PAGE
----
But then I do have moments when I want to break free and be reckless. Is that part of the normal human condition? I wish I didn’t care so much about my professional reputation. I wish I didn’t care what people thought of me personally. Then I would wear jeans everyday, even when meeting VIPs. Say all the outrageous things that cross my mind. Voice the wickedly cheeky observations that are far too politically incorrect! Snap photos of every person or scene that attracts my eye, even if people don’t like it. Travel alone. Spend all my money. Laugh and laugh and laugh all day, loudly and for no particular reason. Play insane jokes on people. At least that’s how I would start IF I were to be more reckless. Oh, and I’d probably blog more recklessly too!!! Commit it all to writing and damn the consequences!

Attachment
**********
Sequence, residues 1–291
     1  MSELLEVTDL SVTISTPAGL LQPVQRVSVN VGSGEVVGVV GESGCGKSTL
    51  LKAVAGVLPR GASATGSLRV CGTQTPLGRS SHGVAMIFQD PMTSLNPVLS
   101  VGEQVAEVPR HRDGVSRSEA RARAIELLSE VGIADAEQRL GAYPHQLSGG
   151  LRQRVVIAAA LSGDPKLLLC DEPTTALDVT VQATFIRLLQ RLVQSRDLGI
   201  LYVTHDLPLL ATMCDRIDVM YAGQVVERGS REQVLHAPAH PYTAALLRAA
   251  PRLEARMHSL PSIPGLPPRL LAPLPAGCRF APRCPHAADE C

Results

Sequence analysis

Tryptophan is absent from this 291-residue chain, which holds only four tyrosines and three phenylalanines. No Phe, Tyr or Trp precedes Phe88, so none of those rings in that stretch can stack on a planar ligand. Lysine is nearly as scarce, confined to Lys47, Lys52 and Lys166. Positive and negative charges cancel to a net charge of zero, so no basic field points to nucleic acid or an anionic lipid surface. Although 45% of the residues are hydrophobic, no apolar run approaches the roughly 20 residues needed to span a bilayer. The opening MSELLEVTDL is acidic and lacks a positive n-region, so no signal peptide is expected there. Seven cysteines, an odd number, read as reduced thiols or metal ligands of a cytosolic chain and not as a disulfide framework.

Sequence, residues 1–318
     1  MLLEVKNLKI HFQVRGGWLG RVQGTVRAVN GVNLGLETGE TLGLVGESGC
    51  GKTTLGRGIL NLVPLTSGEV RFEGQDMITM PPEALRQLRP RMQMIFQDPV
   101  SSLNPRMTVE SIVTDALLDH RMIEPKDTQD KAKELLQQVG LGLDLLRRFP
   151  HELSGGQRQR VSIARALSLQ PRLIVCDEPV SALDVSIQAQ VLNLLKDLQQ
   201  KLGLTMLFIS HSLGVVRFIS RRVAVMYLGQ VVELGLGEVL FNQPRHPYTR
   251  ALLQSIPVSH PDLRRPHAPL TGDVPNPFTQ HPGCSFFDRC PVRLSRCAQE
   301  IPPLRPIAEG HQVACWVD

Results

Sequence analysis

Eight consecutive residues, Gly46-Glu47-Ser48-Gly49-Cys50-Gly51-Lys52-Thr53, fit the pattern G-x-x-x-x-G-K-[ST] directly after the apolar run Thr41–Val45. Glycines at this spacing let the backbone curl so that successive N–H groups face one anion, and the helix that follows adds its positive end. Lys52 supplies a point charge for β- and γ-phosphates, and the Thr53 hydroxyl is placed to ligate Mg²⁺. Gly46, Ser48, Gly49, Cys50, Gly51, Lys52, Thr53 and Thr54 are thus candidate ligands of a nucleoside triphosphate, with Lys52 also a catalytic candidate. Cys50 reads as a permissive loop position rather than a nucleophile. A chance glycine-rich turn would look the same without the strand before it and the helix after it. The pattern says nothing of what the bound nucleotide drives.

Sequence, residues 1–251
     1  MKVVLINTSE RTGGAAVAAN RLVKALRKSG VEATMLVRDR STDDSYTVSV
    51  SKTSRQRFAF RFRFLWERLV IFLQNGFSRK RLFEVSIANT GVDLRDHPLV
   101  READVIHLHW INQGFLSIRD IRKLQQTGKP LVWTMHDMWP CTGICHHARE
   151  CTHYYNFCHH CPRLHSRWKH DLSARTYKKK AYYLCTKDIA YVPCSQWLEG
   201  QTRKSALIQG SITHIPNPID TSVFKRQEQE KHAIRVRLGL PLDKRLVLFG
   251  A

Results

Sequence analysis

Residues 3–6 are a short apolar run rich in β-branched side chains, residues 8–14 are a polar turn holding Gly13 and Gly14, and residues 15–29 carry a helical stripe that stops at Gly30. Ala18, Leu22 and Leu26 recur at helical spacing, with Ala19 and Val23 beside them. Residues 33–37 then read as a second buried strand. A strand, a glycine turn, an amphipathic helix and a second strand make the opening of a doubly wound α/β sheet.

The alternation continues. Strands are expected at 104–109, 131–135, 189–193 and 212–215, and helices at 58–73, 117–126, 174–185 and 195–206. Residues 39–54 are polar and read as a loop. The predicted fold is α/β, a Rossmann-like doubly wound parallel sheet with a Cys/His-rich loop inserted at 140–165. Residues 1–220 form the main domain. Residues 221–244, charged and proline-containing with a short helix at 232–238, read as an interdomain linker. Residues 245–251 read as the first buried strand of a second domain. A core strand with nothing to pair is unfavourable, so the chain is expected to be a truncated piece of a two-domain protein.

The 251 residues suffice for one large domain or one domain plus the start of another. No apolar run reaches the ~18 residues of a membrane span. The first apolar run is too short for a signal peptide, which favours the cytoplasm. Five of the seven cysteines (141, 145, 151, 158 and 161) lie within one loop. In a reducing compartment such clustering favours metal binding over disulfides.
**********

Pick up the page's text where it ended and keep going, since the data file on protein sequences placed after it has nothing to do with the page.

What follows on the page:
Does anyone else have that desire or urge?

Well, that was a nice moment of exploration, but even though I desire to do something entirely reckless – it ain’t going to happen! Not today and not here in this blog post!! I’m far too sensible to tell you something recklessly and regret it later 🙂  (Pushing the publish button for this post will take care of my reckless urges for today!)

Sorry-o, she says with  sweet smile!! Til next time…

Welcome to Cestos City!

At the end of the dusty track is a small town on a peninsular between the Cestos River and the Atlantic Ocean. But you have to drive the 4+ hour journey yourself to fully appreciate the humour to the sign, “Welcome to Cestos City!”